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How nighttime temps affect grain fill in cornHow nighttime temps affect grain fill in corn

Breeder’s Journal: Temperatures at night can affect final yield.

Dave Nanda

July 30, 2018

3 Min Read
DEEP KERNELS: Cool nights late in the growing season in 2017 resulted in plants packing kernels full of nutrients instead of wasting them on respiration. What will happen this year?

One explanation many agronomists gave for high corn yields in many areas in 2017 was cool nights during late August and September across a good portion of the Corn Belt. Why would cool nights favor higher yields?

Here is an explanation from a corn breeder’s perspective:

First, let’s take an in-depth look at plant leaves and structures. Plants have microscopic “windows” called stomata that can be opened or closed as needed. These windows are used by the plants to exchange gases from the atmosphere.

During photosynthesis, plants absorb carbon dioxide from the air and water, and nutrients from the soil through roots. With the help of sunlight and heat as the energy source, they create sugars, starches, oils, proteins and many other compounds. Plants also use stomata as a defense mechanism against heat and drought. When the leaves of corn plants curl up during hot periods of the day, they’re closing these stomata to reduce transpiration and respiration rate. Plants are under stress then and aren’t very productive.

During the day, plants absorb carbon out of carbon dioxide and release oxygen back into the atmosphere through stomata. During the night, plants respire and don’t release any oxygen. Also, plants slow down and deposit products of photosynthesis inside themselves where needed. During corn’s vegetative growth, these products are used to build leaves, stalks, tassels and ears.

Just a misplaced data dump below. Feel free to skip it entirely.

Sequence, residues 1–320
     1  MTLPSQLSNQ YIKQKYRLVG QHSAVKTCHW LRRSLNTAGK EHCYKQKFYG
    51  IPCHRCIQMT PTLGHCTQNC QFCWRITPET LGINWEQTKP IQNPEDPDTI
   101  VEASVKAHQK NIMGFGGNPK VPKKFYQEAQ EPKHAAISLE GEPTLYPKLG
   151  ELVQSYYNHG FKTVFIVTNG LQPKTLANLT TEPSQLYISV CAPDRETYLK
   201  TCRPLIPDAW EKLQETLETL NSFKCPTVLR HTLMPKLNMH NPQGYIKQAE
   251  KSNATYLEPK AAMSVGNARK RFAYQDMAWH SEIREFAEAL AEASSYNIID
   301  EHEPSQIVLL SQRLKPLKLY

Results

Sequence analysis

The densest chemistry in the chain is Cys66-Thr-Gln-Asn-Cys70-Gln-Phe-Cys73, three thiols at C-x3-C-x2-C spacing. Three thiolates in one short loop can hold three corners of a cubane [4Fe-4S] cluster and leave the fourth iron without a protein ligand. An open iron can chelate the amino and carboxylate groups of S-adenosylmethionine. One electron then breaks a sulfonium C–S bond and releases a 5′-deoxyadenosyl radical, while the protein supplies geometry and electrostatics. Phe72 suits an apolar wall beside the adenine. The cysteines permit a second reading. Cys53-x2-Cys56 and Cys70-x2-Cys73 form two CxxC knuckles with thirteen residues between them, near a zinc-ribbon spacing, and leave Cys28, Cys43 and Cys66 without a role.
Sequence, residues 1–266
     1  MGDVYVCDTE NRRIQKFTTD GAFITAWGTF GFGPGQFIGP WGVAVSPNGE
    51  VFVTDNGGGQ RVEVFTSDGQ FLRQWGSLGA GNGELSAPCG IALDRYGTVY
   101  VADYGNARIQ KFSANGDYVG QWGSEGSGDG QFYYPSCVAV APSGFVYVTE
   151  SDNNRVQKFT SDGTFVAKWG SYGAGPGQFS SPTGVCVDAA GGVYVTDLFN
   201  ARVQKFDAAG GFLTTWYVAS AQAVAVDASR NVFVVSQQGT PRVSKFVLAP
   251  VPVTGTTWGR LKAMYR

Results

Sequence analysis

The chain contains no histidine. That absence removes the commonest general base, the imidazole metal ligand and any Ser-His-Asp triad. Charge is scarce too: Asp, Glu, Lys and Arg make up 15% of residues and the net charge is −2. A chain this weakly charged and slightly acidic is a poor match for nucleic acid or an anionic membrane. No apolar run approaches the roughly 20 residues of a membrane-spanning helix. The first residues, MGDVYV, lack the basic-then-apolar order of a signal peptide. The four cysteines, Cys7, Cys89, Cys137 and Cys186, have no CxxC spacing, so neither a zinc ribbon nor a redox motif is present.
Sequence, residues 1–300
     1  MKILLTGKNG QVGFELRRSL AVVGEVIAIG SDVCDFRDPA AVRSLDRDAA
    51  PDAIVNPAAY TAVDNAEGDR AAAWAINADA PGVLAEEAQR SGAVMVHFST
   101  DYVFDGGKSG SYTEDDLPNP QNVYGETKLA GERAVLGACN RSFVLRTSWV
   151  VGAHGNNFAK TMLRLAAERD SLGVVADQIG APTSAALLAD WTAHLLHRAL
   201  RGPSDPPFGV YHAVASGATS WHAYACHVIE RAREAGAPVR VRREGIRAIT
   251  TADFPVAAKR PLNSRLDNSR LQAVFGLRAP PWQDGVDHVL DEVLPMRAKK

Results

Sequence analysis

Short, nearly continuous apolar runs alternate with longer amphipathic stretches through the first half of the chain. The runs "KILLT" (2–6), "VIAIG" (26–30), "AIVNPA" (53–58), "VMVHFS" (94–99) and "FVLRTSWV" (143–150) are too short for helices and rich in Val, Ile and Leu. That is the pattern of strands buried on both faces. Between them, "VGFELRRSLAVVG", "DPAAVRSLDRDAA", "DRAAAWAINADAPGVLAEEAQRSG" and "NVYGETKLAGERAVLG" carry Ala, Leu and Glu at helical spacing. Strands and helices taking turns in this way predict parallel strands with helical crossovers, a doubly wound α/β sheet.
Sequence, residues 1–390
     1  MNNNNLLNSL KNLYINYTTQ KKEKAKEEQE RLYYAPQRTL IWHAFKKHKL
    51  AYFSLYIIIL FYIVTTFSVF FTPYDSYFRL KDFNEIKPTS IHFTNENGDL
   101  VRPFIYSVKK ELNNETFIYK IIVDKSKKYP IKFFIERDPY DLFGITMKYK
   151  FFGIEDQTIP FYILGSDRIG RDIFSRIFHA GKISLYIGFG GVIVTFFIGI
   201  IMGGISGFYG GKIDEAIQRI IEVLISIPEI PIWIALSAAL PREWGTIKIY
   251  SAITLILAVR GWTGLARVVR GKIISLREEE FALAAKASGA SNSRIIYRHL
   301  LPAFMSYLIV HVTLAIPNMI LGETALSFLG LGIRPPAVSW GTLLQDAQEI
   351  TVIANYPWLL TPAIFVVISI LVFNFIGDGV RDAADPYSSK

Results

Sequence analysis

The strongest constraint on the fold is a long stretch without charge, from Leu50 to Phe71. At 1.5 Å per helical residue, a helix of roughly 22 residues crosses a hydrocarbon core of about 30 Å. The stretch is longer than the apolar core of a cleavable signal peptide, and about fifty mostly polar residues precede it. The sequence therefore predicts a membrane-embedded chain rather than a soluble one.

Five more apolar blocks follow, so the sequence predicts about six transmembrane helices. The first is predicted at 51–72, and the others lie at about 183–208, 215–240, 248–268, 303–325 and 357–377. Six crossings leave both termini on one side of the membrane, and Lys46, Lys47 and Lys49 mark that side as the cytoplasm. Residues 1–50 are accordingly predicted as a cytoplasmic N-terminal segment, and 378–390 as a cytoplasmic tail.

After pollination is complete, sugars, starches, oils and proteins are deposited in the kernels. These are the “babies,” or offspring, of the corn plant. Realize that plants aren’t worried about giving you the highest yields of grain. Like all organisms, they have only one objective: to produce as many “viable” progeny or seeds as possible.

Hot night issues
Higher temperatures speed up biological processes of plants and shorten their lives. Even the life span of people living in hotter climates without access to air conditioners is shorter than those who live in more temperate regions or who have access to air conditioning.

Corn performs better at moderate temperatures and doesn’t produce well when it is too hot. Why?

During very hot days and hot nights, it uses up some of the biomass in wasteful respiration. Respiration rate increases rapidly as the temperature increases, resulting in loss of carbohydrates synthesized during the day. This results in lower yields.

Ideally, corn plants like about 86 degrees F during the day time and 65 to 70 degrees F at night. During periods of intense stress, the rate of photosynthesis decreases. If this happens during grain fill, a plant redirect stored photosynthates to the grain from leaves and stalks. It sacrifices other parts of the plant to fill the needs of the growing embryos, just like humans in impoverished countries with extreme food shortages. A mother would rather feed her children first, even at the expense of her own health.

In corn, this behavior can result in weak stalks and lodging. Pinch stalks to determine which fields may need to be harvested first. The black layer may form earlier in these fields, resulting in smaller kernels and lower yields. Let’s hope for cooler nights during this season’s grain fill period and higher yields.

Nanda is president of Agronomic Crops Consultants LLC. Email him at [email protected] or call him at 317-910-9876.

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